Imagine sitting in a staff meeting that went something like this:
Boss: “So Ted, how are things going in sales?”
Ted: “Pretty good. I sold some widgets last week. A few were returned, but I sold a few more.”
Boss: “Did the email campaign help?”
Ted: “Maybe. I sent the messages, and got a few responses.”
Boss: “Did we make any sales from the offer?”
Ted can’t provide the information, and his boss leaves the meeting frustrated and worried about whether or not the company will finish in the black this year.
Sadly, conversations like this happen in organizations of all sizes every day. Businesses set goals — a certain amount of sales, a reduction in business costs, a better reputation in the industry — but fail to determine how they will gauge the success or failure of their efforts toward those goals. As a result, they often end up spinning their wheels, performing the same tasks over and over again, or spending money on new marketing or training programs with only limited success. They wonder why they aren’t seeing the results they want, and why their company seems stuck in neutral — or worse, sliding toward financial ruin.
For many companies, the solution isn’t to start over and completely revamp all of their policies and processes nor is it to set arbitrary goals they hope they can meet. Instead, the answer usually lies in key performance indicators.
Key performance indicators, or KPIs, are commonly misunderstood. Many leaders incorrectly label their goals as KPIs, i.e., “We want to increase sales by five percent this year,” or “Reduce employee turnover by 15 percent.” While it’s important to develop specific and measurable goals, a KPI isn’t the goal itself, but rather the benchmarks and measurements that the organization uses to measure progress toward the goal to clearly show whether it is on the right track or not.
For example, if you want to increase sales, your KPIs may be related to closing and conversion rates, cost-per-sale and item-return rates. Rather than focusing on the overall goal of increasing sales by a specific percentage, looking at what is happening with each level of a sale can help determine where changes and improvements need to be made, and increase the likelihood of success. You can focus your efforts on improving those areas that need work (perhaps your cost per sale is too high, for example) and maintaining the status quo on those areas where you’re succeeding.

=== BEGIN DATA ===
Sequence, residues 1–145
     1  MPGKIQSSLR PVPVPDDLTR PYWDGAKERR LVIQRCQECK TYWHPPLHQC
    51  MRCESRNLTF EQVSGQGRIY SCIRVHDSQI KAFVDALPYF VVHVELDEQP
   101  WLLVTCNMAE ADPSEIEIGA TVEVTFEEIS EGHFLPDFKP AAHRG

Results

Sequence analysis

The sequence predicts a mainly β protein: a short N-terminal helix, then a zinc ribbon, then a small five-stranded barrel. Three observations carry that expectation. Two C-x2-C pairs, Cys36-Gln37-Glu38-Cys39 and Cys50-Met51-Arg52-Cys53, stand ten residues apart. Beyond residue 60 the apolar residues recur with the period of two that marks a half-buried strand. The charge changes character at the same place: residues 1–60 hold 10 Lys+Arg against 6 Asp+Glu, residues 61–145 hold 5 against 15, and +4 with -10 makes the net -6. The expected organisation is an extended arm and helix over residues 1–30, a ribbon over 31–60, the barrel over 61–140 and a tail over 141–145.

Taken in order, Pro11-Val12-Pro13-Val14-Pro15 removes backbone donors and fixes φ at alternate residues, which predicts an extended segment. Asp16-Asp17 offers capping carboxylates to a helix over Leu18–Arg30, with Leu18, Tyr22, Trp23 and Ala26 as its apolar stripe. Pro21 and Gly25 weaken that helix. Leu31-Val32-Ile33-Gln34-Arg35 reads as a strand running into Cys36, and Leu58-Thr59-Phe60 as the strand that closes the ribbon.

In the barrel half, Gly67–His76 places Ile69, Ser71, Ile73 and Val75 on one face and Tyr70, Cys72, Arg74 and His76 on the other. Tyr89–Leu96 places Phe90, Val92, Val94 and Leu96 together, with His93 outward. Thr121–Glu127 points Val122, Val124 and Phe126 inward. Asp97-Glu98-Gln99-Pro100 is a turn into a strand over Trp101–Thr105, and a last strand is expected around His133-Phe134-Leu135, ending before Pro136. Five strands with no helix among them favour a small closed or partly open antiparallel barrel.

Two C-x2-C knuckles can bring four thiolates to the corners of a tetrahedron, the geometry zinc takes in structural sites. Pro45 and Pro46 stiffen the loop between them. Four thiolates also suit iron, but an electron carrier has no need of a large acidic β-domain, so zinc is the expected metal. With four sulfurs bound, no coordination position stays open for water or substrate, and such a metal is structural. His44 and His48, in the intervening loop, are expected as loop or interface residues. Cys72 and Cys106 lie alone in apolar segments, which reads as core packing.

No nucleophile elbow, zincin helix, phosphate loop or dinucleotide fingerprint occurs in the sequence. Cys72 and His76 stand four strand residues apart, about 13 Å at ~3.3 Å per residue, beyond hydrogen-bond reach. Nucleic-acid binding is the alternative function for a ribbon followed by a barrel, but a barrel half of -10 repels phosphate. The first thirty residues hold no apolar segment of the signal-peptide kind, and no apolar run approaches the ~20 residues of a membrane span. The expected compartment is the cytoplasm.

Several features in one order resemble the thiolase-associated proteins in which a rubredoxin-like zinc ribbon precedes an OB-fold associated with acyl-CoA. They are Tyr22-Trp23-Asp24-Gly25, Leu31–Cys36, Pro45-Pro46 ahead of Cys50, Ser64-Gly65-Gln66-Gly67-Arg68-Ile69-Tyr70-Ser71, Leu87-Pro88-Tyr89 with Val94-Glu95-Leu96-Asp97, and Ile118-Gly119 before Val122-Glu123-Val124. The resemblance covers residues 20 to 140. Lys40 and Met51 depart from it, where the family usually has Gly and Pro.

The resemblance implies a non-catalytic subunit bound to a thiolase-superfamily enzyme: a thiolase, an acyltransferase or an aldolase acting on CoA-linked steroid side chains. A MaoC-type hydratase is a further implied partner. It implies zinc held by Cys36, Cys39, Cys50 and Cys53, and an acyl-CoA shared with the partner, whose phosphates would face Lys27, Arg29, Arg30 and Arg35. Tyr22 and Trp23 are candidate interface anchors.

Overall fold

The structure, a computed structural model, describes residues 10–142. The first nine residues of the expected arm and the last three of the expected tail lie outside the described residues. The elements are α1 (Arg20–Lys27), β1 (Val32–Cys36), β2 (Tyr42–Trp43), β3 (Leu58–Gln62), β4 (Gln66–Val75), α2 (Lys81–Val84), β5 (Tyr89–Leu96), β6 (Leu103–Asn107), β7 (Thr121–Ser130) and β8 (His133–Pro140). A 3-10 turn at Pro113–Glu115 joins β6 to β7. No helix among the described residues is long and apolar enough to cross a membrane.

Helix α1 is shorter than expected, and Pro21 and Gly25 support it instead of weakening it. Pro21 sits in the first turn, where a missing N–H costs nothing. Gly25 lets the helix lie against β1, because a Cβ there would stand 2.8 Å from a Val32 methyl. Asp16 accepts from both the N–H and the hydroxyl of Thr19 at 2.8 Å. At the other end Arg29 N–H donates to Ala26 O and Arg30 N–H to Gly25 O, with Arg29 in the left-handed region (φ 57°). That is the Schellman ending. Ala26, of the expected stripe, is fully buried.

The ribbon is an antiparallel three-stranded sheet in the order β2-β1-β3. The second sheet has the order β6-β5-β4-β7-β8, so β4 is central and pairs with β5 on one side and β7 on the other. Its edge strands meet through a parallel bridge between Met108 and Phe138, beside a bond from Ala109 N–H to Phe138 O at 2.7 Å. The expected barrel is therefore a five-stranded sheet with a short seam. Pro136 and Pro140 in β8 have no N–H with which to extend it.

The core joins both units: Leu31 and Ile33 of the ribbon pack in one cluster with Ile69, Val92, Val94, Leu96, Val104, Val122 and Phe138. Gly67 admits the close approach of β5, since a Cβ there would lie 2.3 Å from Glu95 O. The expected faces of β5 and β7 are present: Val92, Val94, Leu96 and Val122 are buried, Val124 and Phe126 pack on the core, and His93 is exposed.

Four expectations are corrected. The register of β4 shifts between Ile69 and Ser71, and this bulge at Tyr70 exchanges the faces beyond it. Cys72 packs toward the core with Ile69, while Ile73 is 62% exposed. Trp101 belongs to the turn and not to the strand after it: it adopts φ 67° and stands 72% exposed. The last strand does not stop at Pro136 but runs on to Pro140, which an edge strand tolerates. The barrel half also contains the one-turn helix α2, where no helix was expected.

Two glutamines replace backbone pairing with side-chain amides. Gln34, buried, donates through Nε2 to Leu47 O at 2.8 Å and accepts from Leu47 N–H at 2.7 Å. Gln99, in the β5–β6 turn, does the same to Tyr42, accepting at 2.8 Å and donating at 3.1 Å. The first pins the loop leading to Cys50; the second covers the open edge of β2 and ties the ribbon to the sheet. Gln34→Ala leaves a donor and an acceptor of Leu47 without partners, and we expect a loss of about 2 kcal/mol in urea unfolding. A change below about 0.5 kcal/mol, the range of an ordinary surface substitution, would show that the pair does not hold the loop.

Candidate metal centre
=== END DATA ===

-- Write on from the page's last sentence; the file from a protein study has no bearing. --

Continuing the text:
Creating key performance indicators for your organization requires doing some research and being strategic about the areas to look at. Again, you want to treat the KPIs as guideposts, showing you whether or not you’re on track to your final goal. Benchmarks must provide honest and accurate determinations of progress. It’s nice to know that your website gets 1,000 unique visitors every month, but if 999 of them do not make a purchase, then something isn’t right.
Once you’ve determined which points you want to measure — in general, three to five KPIs for each specific strategic goal will give you a good idea of your progress — you need to determine where you currently stand on those points and where you want to be. For example, if you are trying to reduce your cost per sale, you may need to evaluate your current cost and compare that to the ideal rate that will allow you to meet your goal. By comparing those numbers, you’ll set a specific indicator, such as “Reduce cost per sale by one percent this quarter.” After you’ve developed the specific points of measurement, create a dashboard — or use a mobile business intelligence platform — that will allow you to view your progress on each point.
Perhaps most importantly, for KPIs to be effective, they must be closely monitored and updated on a regular basis. Most organizations review progress toward goals quarterly, using the success or failure of each measure as a guide for their strategic planning for the next 90 days. When the KPIs are appropriately and effectively developed based on solid, existing data, it’s easier to pinpoint weaknesses and correct them.
Using KPIs and analyzing your company’s performance on an ongoing basis allows you to more effectively manage your resources, both in terms of people and money, and prevents surprises at the end of the year when you’re evaluating your performance. By asking the hard questions and looking for honest answers, you can keep your company on track to high performance and profitability.
About the Author: Tanya Lorette works as a writer and consultant to small businesses, helping them improve their online sales and marketing efforts.